The Michigan UFO Craze of March, 1966

The UFO Show, by Jamie MacDonald

WDIV Local 4 / ClickOnDetroit shared a feature last year on the Michigan UFO Craze of 1966:

In 1966, a string of seemingly odd occurrences in Washtenaw County drew the attention of the entire country. The events centered on a sudden wave of UFO sightings, with reports by police and citizens in March 1966.

The same lights were spotted by officers in Ohio, just across the Michigan border, and by observers at Selfridge Air Force Base. The sightings triggered investigations by the Civil Defense and U.S. Air Force.

A few days following the first reports, the lights were spotted again at various locations around Washtenaw County, with one deputy reporting something floating in the sky – described as looking like a “child’s top.”

On Sunday, March 20, 1966, the sheriff’s office received reports of a UFO landing in a wooded, swamp area of Dexter Township. Police spoke to Frank Mannor, a truck driver who had gone into the swamp with his son. Here’s what Mannor told police:

“We got to about 500 yards of the thing,” Mannor told interviewers. “It was sort of shaped like a pyramid, with a blue-green light on the right-hand side and on the left, a white light. I didn’t see no antenna or porthole. The body was like a yellowish coral rock and looked like it had holes in it—sort of like if you took a piece of cardboard box and split it open. You couldn’t see it too good because it was surrounded with heat waves, like you see on the desert. The white light turned to a blood red as we got close to it and Ron said, ‘Look at that horrible thing.’”

More from Click on Detroit.

More cool clouds from Jamie right here on Flickr and definitely follow MacDonald Photo on Facebook!

Here’s a one hour UFO special with Walter Cronkite from 1966:

Rainbows Needed

The Drive Home, photo by Julie Nigg Mansour

My thoughts this morning are with those who have already been devastated by Hurricanes Harvey & Irma and those who are facing this monster storm.

View the photo bigger and see more in Julie’s slideshow.

Tons more rainbows on Michigan in Pictures.

Pink sky and Wiggins Lake

Pink sky and Wiggins Lake, photo by Tom Clark

View the photo bigger, see this photo of Wiggins Lake near Gladwin and more in Tom’s slideshow, and view & purchase photos from his website.

Eminant

Eminant, photo by Jamie MacDonald

View Jamie’s photo bigger and see more in his NiSi Filters slideshow.

More Michigan barns on Michigan in Pictures.

Rainbow Reflected

Rainbow Reflected, photo by Eric Hackney Photography

My position is that should take your rainbows as they come – here’s a beauty featuring the Portage Lake Lift Bridge in Houghton taken this Sunday!

View the photo bigger and see more in Eric’s Chasing the Rainbow album on Facebook.

Many more Michigan rainbows & more rainbow science on Michigan in Pictures!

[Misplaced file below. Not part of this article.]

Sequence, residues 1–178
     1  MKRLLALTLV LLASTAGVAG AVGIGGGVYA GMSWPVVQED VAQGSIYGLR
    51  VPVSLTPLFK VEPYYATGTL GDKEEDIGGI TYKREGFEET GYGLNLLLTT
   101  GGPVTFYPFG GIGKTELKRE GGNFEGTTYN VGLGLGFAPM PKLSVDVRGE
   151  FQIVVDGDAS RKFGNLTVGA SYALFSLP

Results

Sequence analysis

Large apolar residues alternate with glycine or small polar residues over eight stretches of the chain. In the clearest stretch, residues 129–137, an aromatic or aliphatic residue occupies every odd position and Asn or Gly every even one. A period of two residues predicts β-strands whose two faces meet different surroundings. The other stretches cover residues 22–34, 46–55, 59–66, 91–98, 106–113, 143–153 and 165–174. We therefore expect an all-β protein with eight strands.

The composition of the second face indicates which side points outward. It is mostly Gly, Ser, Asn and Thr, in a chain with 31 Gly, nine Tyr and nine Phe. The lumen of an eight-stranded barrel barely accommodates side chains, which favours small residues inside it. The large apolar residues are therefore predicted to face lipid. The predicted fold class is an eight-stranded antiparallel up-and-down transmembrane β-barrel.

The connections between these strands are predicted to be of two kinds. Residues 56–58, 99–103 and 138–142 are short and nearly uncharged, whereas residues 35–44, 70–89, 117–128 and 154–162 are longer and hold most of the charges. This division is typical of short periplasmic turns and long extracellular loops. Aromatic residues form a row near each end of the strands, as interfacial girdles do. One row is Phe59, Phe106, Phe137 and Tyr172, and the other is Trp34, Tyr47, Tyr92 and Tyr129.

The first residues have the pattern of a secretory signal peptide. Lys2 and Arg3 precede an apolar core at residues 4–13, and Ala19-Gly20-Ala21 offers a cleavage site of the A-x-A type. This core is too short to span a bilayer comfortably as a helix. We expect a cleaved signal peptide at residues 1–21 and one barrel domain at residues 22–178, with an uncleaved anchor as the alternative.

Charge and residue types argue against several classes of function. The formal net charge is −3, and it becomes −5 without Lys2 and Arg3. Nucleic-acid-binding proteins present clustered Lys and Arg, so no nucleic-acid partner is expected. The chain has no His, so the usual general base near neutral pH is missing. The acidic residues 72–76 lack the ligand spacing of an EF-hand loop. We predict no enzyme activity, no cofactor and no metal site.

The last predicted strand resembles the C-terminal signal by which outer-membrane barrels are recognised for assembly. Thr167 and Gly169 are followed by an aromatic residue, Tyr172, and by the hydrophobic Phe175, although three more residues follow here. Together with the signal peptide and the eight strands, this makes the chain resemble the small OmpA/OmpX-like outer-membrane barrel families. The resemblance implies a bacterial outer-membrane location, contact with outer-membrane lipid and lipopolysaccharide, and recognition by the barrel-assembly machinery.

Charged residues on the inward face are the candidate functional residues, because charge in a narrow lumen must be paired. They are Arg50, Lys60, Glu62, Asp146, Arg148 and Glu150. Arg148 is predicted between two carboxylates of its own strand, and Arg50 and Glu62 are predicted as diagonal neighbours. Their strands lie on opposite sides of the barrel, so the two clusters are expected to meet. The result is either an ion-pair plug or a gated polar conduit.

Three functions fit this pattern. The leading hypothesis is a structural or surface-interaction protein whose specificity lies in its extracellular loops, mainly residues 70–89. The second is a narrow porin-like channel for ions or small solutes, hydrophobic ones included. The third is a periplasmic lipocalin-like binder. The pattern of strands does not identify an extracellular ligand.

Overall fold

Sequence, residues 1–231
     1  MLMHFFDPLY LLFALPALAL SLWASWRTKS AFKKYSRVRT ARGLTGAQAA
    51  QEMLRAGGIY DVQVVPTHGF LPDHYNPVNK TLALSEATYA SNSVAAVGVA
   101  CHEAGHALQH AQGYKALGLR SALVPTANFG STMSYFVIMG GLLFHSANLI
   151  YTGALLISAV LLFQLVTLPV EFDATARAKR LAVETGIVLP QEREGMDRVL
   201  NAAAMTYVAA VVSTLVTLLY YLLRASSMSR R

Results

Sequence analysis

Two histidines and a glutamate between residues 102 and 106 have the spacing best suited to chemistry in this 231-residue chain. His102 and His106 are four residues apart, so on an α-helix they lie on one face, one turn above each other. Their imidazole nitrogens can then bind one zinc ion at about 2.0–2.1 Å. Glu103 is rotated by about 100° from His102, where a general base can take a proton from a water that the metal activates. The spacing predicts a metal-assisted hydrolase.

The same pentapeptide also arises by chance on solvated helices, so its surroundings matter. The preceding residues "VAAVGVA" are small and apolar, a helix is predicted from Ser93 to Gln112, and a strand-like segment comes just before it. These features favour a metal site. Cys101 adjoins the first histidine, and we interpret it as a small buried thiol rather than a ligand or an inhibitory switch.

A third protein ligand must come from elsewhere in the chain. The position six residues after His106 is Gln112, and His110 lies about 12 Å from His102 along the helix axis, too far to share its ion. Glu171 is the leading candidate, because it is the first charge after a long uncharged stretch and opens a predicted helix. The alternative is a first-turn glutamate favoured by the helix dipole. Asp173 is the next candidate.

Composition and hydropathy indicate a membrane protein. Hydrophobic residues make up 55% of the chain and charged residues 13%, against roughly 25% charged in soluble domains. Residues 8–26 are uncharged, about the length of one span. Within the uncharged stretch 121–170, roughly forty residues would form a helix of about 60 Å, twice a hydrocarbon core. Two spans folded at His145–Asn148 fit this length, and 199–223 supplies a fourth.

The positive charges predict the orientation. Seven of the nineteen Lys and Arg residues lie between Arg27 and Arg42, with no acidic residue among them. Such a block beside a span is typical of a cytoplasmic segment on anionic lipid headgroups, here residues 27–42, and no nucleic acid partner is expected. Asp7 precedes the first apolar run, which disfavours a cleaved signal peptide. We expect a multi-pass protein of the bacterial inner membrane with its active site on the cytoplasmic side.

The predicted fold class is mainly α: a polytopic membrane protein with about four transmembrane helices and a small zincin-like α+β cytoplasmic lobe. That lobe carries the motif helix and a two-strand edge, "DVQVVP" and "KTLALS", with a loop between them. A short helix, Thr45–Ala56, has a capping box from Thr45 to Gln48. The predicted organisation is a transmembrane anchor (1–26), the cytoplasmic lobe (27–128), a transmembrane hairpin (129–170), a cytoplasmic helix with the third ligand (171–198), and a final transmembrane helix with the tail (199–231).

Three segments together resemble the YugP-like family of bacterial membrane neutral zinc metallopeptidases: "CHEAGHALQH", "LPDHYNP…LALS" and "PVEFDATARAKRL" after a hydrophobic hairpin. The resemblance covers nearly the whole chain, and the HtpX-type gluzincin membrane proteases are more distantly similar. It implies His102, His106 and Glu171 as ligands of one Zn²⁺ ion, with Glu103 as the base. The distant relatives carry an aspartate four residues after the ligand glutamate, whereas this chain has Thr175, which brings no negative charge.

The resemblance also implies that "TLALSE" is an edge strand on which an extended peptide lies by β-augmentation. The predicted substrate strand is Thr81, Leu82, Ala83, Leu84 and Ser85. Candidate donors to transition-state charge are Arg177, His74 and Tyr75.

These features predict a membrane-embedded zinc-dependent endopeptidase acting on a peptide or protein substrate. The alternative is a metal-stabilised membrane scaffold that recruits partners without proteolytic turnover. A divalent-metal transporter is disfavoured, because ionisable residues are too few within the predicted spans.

April 16-22 is Severe Weather Awareness Week in Michigan

Storm’s Coming, photo by Tom Hughes Photo

This week (April 16-22) is Severe Weather Awareness Week in Michigan. mLive reports:

The Michigan State Police are asking residents to take part in a voluntary statewide tornado drill as part of the state’s Severe Weather Awareness Week. The drill is scheduled for 1 p.m. Wednesday, April 19. Gov. Rick Snyder had declared Michigan’s Severe Weather Awareness Week from April 16-22. If severe weather occurs on April 19, the statewide tornado drill will be rescheduled for 1 p.m. Thursday, April 20.

Nearly all state of Michigan facilities are expected to participate, and businesses, organizations and individual residents and their families are encouraged to join in as well.

 

“Tornadoes can develop rapidly, with little or no warning,” said Capt. Chris A. Kelenske, Deputy State Director of Emergency Management and Homeland Security and commander of the MSP/EMHSD. “Due to their unpredictable nature, we must be ready well in advance. We’re asking residents and businesses to take a few extra steps during the week to ensure they’re prepared.”

Tornadoes are especially prevalent in late spring and early summer, and the average lead time for tornadoes to develop is 10 to 15 minutes. In the event of a tornado, state officials recommend residents find the lowest place to take cover, take shelter under something sturdy, stay tuned to local weather broadcasts and watch for signs of a tornado, including dark skies, large hail, a large low-lying cloud and a loud roar.

Tom caught this spring storm rolling through last week at the Springfield Oaks Ellis Barn. View it bigger, see more in his Thunderstorms slideshow, and view & purchase work at Tom Hughes Photo.

More wild weather on Michigan in Pictures!

 

 

#TBT: Shining in Cheyboygan with the Coast Guard Cutter Mackinaw

USCG Mackinaw, Cheybogan

Shining in Cheyboygan, photo by Bill Johnson

Here’s a neat “Throwback Thursday” (TBT), a photo of the United States Coast Guard Cutter Mackinaw on May 25, 1993 when she was still in service. Bill writes:

This is the original Coast Guard Cutter Mackinaw, WAGB 83, wearing its silvery whitish colors, in its home port of Cheboygan, MI. This beauty was built in 1944 to aid the war effort by keeping the Great Lakes open during the winter. The cutter was intentionally built too wide to get through the Saint Lawrence Seaway in order to keep her in the Great Lakes. She was moved to Mackinaw in June of 2006, decommissioned, and turned into a museum at the Chief Wawatam docks. Today, she wears the red hull that she was retired in.

You can see the current look of the Icebreaker Mackinaw and get information about visiting on the Icebreaker Mackinaw Maritime Museum website.

View Bill’s photo background big and see more in his Boats, Ships, and Stuff That Floats slideshow.

More Throwback Thursdays on Michigan in Pictures.